Salman Khan, Bollywood’s most misunderstood actor? (Book Review)
Title: Being Salman; Author: Jasim Khan; Publisher: Pengiun Viking; Pages: 235; Price: Rs.599
Known as the “brat” of Bollywood and an ill-tempered actor, superstar Salman Khan – a role model for many – is infamous for a life entangled in controversies one after the other.
Be it the blackbuck poaching in Rajasthan or the 2002 accident that left one dead and four others injured in Mumbai, or his much talked about romantic dalliances, he has always been in the news. According to many people, and those from the industry as well, superstar Salman Khan is the most misunderstood actor in the industry – and this book attempts to relate how and why.
Even if you are not a fan of the star, “Being Salman” might just turn your heart a bit towards the actor who has delivered blockbuster movies ranging from “Maine Pyar Kiya” and “Hum Aapke Hain Koun..!” to the more recent “Dabangg”, “Ek Tha Tiger”, “Kick” and “Bajrangi Bhaijaan” to his credit.
Author Jasim Khan, a senior journalist and TV producer, it seems, has taken great pains to explore Salman’s growth as well as his personal life.
The lineage, no matter how interesting and informative, reads like a text book in school, with too much information to digest in one go. But don’t lose interest. The read becomes interesting as it progresses towards the reality of what Salman is all about.
Salman started his career with “Biwi Ho Toh Aisi” (1988) which starred actors Rekha and Farooq Shaikh. Attaining fame after director Sooraj Barjatya’s “Maine Pyar Kiya” in 1989, the 50-year-old’s career, which started on a “meagre” – by film industry standards – salary of Rs.10,000 a month, has now amassed assets estimated at around Rs.1,280 crore (almost $188 million).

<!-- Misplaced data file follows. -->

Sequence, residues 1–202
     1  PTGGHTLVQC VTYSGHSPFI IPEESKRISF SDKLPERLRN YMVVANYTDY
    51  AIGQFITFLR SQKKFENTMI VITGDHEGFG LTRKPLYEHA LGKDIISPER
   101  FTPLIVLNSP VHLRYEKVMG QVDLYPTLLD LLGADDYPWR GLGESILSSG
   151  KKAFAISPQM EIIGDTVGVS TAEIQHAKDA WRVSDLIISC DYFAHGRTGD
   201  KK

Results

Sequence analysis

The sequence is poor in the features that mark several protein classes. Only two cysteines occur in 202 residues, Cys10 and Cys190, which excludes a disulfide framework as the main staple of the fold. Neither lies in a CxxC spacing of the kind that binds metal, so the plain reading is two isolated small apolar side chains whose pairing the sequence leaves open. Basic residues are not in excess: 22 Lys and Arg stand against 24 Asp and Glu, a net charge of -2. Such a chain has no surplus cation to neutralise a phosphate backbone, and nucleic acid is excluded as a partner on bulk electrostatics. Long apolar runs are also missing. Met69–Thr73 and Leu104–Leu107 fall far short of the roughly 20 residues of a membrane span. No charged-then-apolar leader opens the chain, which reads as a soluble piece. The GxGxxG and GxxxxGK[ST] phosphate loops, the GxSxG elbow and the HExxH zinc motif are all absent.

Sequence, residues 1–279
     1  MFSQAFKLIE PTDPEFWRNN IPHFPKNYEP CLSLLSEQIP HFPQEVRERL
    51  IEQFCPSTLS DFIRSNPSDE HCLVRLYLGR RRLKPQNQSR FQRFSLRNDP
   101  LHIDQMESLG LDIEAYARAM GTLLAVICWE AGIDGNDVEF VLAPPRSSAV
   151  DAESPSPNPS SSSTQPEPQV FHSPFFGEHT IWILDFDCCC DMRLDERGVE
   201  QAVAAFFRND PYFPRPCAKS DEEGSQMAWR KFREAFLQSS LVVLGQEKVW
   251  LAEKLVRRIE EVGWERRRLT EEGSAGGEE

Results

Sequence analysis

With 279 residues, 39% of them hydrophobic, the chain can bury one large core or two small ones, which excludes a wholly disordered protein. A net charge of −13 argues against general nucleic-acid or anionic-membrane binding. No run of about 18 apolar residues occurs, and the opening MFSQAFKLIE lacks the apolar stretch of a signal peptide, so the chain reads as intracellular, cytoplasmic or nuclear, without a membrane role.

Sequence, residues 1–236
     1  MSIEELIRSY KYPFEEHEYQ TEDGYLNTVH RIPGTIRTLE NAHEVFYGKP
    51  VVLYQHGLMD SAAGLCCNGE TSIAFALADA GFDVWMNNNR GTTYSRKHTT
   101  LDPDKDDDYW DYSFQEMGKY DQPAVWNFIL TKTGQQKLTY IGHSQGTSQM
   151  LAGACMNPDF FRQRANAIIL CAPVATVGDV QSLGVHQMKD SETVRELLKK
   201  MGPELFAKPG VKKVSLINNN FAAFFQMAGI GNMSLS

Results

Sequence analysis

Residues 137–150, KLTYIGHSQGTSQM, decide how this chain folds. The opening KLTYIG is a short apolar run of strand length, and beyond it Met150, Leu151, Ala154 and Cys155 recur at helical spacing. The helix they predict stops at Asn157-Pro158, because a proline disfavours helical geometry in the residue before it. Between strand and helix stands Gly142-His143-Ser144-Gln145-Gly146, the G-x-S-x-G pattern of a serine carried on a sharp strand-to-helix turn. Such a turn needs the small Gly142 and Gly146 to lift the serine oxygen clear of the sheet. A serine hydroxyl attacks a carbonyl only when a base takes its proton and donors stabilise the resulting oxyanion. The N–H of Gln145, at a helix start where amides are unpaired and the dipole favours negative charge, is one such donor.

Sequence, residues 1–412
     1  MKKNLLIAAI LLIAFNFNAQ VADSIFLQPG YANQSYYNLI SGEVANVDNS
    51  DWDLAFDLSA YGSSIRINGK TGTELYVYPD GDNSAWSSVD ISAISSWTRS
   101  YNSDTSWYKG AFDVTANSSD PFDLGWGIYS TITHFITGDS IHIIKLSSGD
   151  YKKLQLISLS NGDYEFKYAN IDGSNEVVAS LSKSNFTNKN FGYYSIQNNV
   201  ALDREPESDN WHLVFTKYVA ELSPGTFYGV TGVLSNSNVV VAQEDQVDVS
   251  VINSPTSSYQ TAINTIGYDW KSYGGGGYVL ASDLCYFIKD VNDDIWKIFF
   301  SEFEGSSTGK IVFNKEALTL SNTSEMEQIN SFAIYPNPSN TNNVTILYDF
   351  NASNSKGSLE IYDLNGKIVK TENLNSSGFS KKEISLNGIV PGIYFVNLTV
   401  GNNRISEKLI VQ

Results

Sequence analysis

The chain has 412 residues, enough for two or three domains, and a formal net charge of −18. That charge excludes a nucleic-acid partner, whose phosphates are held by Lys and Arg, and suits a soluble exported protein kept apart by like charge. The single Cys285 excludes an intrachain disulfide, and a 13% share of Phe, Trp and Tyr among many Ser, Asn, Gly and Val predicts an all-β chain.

For someone who is not a fan of the actor, the book throws light on what a misunderstood man Salman is.
Still unclear is what really happened and how true the accusations were when Salman’s former girlfriend and actress Aishwarya Rai Bachchan claimed that he had physically abused her, though some chapters of the book explore the various facets of Salman’s love life.
According to the author’s research, his girlfriends took advantage of his fame, used him and were unwilling to settle down – all to an extent true.
Brushing past the love-hate bond between superstar Shah Rukh Khan and Salman, “Being Salman” also reminds you that in the end, everybody is a human being. Like all people have fights and patch-ups, stars too have the right to fight and patch up.
This book, which talks of the famous actor’s relationship with his parents and brothers, his food habits, nature, love life, career graph, turning point of his life thanks to his NGO ‘Being Human’ and the bond he shares with people, leaves you with a lot to think about.
In a nutshell, “Being Salman” is a small window on why Salman is the way he is.
(Kishori Sud can be contacted at [email protected])